DealPulse’s reigning king of M&A for 2023 is Gibson Dunn’s Andrew Kaplan. The young star – just 12 years out of law school and became a partner in 2021 – bested industry veterans for the crown.
While 2023 was a trying year for global M&A, U.S. rainmakers propped the floodgates open for megadeals. From Exxon Mobil Corporation’s $64.5 billion acquisition of Pioneer Natural Resources Company to ONEOK, Inc.’s $60 billion acquisition of Magellan Midstream Partners, L.P., large deals were announced in spite of the economic headwinds caused by inflation, geopolitical concerns, and spiking interest rates. As cash became more expensive, many companies and investors expressed decreased appetite for acquisitions, but the nation’s top M&A attorneys remained busy.
DealPulse’s M&A database tracks publicly-announced deals over $25 million in value, harnessing both AI and attorneys to digest the granular deal points of each transaction to allow for comparisons across industries, specific deal terms, and both legal and financial advisors. In addition to deal points, the databases track the law firms and individual attorneys disclosed for each deal, enabling this curated list. For this analysis, the data focuses on deals valued at over $5 billion that were announced during 2023.
The Exxon/Pioneer deal’s whooping price tag propelled this year’s top 2 attorneys into the lead. Gibson’s M&A dream team of Andrew Kaplan, Tull R. Florey, and Jeffrey A. Chapman represented Pioneer on the deal – but one deal alone is not enough to make this list. In fact, Chapman missed the list because that was his only mega deal announced during the year, while Kaplan advised also on Elliott Investment Management’s $7.1 billion acquisition of Syneos Health, Inc. and Florey advised also on Patterson-UTI Energy, Inc.’s $5.4 billion acquisition of NexTier Oilfield Solutions.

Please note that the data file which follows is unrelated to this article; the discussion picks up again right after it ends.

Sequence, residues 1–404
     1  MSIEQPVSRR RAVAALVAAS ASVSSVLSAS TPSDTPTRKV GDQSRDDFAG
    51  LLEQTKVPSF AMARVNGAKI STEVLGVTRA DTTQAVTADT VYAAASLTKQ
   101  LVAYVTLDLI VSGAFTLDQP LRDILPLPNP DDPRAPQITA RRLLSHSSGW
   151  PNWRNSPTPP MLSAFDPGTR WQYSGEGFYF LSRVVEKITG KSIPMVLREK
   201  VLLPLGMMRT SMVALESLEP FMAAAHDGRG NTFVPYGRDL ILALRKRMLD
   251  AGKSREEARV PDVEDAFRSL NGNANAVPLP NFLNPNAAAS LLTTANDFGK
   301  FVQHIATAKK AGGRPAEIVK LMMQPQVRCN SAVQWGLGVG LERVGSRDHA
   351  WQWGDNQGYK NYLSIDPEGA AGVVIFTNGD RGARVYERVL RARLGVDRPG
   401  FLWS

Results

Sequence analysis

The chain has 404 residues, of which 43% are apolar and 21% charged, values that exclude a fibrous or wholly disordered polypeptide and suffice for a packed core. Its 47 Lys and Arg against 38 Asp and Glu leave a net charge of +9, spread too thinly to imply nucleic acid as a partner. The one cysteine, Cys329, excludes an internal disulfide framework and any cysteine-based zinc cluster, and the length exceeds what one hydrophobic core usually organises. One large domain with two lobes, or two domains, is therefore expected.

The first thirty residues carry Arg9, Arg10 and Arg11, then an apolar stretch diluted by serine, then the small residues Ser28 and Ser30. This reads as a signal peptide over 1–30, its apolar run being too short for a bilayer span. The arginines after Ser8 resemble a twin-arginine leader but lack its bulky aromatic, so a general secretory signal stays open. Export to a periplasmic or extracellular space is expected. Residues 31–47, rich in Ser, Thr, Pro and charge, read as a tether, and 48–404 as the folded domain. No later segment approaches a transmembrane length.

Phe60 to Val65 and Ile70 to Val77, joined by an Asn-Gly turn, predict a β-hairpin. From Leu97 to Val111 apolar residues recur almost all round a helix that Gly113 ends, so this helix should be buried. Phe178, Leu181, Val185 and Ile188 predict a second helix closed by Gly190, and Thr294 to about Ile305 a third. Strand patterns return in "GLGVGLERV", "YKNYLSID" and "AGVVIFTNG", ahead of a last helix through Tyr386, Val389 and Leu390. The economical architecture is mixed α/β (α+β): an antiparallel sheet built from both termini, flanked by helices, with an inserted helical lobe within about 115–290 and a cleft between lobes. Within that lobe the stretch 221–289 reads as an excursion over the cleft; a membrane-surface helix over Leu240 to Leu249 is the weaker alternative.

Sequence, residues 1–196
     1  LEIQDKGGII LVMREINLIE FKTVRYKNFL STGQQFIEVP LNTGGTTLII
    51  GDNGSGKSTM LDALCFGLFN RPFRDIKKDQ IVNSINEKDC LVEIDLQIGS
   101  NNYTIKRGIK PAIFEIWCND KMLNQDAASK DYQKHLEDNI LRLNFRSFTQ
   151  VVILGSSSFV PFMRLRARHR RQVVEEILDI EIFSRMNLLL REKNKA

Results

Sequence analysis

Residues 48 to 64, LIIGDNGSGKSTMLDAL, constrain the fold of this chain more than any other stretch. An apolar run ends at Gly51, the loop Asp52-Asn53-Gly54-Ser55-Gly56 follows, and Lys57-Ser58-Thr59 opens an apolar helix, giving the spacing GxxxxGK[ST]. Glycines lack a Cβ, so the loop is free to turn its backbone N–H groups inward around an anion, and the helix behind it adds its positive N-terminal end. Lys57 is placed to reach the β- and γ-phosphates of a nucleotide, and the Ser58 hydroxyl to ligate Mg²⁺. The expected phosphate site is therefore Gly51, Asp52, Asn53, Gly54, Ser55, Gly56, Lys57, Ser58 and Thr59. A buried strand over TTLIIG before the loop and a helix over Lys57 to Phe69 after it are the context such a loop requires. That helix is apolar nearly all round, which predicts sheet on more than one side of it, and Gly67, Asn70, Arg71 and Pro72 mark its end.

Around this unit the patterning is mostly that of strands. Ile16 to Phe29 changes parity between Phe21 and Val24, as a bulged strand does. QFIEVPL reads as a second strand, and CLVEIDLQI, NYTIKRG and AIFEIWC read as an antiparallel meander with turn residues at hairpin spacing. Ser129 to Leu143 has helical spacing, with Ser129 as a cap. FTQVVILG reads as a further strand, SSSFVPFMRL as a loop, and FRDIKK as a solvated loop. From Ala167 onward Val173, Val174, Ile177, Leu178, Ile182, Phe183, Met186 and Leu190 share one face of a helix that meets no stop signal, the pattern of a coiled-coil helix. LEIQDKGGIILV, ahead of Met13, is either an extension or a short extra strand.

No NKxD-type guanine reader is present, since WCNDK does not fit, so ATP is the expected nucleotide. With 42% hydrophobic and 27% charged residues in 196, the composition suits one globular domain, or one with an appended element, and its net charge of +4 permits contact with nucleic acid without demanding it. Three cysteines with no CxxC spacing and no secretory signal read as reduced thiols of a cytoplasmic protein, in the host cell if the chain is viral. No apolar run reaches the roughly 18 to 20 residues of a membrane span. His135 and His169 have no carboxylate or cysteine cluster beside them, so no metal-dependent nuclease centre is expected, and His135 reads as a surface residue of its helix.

This was not the only deal in town, however, as ONEOK’s $60 billion acquisition of Magellan Midstream Partners propelled Kirkland Ellis’s Sean Wheeler into the bronze position. Wheeler also sat across from Florey as he advised NexTier Oilfield Solutions.
While the total value of deals may have dropped by approximately 23% this year to the levels not seen since 2013, M&A showed signs of recovery. “M&A activity in 2023 was subdued, as dealmakers grappled with geopolitical tensions, inflation, rising interest rates, and increasing regulatory scrutiny, against a backdrop of general economic uncertainty,” as Morrison Foerster puts it, “But deals got done.” With inflation seemingly tamed, interest rates stabilized, and improving credit markets, we can look forward to more mega deals in 2024. Will Andrew Kaplan and the Gibson Dunn hold onto their crown?